Rivulus scalaris, Costa 2005

History

Alternative name Melanorivulus scalaris.

The type-locality of Rivulus scalaris is a tributary to the upper Rio Sucuruí, part of the the Rio Paraná drainage in Brasil at an altitude of 810 meter above sea level.

The species was first discovered by Gilberto Campo Brasil and Marco T. Lacerda on January 21 1988. Dr. Wilson Costa, B.B. Costa and C.P. Bove, his partner in life, rediscovered the species on January 13 2004. The typeseries are from the 2004 collection. Holotypes and paratypes are deposited in at UFRJ, Rio de Janeiro, Brasil.

The name is choosen to express the pattern on the sides of the male and, subdued, also seen in females. The latin word "scalaris" stands for <stair> and the V- shape oblique pattern of red lines forming blotches like that of the steps of a stair as the describer saw it.

The species is described in the same paper together with 6 other taxa of the Rivulus genus. These are: Rivulus dapazi, R. cyanopterus, R. rossoi, R. litteratus, R. rutilicaudus and R. egens, all members of the sub-genus Melanorivulus.

 
Melanorivulus (Rivulus) scalaris - male. Rio da Prata, Brasil. Image made by F. Vermeulen.
Melanorivulus (Rivulus) scalaris - male and female. Image made and donated by Francisco Falcon, Brasil.
Melanorivulus (Rivulus) scalaris - male. Fieldcode HvdB 14-10. Image made and provided by W.J. Hoetmer, The Netherlands.
Melanorivulus (Rivulus) scalaris - male F1 without red colour. Rio da Prata, Brasil. Image made by F. Vermeulen.

Reproduction

Keeping and breeding is easy but a good cover of the aquarium is necessary because there ability to jump, even true the smallest opening, is unbelievable.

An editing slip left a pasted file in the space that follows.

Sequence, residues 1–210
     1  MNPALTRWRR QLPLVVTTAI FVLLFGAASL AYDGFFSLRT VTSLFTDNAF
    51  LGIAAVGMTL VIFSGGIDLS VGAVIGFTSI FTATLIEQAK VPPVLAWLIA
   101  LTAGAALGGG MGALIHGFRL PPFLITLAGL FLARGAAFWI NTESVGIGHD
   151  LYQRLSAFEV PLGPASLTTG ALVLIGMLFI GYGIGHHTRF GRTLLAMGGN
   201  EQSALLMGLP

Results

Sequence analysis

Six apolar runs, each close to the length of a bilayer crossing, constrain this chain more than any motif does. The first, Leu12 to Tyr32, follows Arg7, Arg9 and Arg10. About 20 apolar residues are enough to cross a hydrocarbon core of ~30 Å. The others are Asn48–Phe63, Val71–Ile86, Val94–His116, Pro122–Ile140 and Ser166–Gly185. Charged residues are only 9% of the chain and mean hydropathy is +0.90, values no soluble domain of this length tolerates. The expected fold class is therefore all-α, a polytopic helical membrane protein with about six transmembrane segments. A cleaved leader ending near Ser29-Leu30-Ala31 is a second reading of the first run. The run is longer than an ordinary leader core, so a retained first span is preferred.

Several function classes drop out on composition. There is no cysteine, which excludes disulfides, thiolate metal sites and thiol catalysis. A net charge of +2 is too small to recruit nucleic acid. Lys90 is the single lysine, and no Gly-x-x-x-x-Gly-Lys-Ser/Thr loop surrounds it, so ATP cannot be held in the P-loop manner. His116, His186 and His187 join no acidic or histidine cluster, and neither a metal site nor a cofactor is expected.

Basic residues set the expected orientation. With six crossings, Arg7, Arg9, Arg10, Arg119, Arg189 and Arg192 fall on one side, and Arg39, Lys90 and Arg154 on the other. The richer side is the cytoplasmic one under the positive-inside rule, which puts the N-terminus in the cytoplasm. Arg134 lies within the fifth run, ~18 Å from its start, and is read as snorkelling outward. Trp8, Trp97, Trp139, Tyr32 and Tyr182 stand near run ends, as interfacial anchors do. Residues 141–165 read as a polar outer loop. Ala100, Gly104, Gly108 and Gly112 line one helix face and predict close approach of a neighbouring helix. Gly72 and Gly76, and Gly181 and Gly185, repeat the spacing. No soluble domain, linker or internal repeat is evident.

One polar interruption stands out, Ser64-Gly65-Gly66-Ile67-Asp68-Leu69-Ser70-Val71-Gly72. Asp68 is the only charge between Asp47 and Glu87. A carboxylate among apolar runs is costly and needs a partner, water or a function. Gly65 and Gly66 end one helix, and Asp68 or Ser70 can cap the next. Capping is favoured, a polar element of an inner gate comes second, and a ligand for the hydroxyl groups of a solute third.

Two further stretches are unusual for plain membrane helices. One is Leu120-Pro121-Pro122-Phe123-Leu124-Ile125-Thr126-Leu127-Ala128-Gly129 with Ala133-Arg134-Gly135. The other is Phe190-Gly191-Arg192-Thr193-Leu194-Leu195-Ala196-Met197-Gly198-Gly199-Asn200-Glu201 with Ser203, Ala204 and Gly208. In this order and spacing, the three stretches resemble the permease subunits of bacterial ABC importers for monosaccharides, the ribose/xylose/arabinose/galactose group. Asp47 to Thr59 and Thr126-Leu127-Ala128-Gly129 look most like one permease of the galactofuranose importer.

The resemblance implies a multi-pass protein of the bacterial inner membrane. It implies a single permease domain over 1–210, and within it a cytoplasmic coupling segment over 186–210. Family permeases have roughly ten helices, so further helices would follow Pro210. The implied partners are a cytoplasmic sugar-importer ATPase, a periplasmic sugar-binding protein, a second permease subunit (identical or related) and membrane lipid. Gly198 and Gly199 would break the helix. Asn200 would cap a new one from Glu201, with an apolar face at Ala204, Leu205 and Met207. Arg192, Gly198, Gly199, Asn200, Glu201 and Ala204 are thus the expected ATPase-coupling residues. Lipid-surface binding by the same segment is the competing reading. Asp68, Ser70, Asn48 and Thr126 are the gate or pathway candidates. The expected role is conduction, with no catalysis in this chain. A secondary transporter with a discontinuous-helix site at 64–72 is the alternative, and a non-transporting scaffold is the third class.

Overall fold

This species can, if there is enough space for them, housed in a tank with more males than one only and several females. If separated before and brought together again however, they can be very agressive to each other and fight to become dominant to others. The best way to have much offspring is to put a pair or an trio in a small tank from 10 liters with a small filter in it or with some airation. On the bottom some peat moss or dark gravel and a floating "mop" to give space for laying there eggs. The fish will, if they become a rich varity of life food, spawn during there whole adult life and produce daily between 5 to 15 eggs.

The eggs should be collected by hand and stored for about 14 days in a small container. Eggs are 1.2 mm and not colored. It is wise, to add to the water you store the eggs in, some acryflavine to provent fungus coming up.

 

After hatching the young fry can eat fresh artemia nauplii without any problem. It takes 4 to 5 months to raise them to maturity. Often the number of males is far above the number of females. For some species this can become a major problem for the breeder as he has to raise many young fishes and so become able to distribute a few pairs to other hobbyists.

There lifespan can be up to 3 years in captivity.

Remarks :

With a diameter of 1,2 mm the eggs of Rivulus scalaris are smaller than most other Rivulus species.

In the F1 population some of the males did not show their red markings. This however is an exception and natural disorder. (See the image above).


Variations
Melanorivulus (Rivulus) scalaris - male, from Rio da Prata, Brasil. Image made and donated by Dalton Nielsen, Brasil.
 
Melanorivulus (Rivulus) scalaris - male, from Rio da Prata, Brasil. Image made and donated by Didier Pillet, France.

Map
     

Meristics

Max. size 5.0 cm.
Dorsal 11.0,
Anal 13.0,
D/A 7.5,
LL scale count (average)33.0
Pre- dorsal length to % SL – 74.6 %
Depth to % SL – 23.5 %

   

Literature
Costa, W.J.E.M. 2005. Seven new Species of the Killifish Genus Rivulus (Cyprinodontiformes: Tivulidae) from the parana, Paraguay and upper Araguaia River basins, central Brasil. Neotropical Ichthyology, 3 (1). 78, fig. 10.   PDF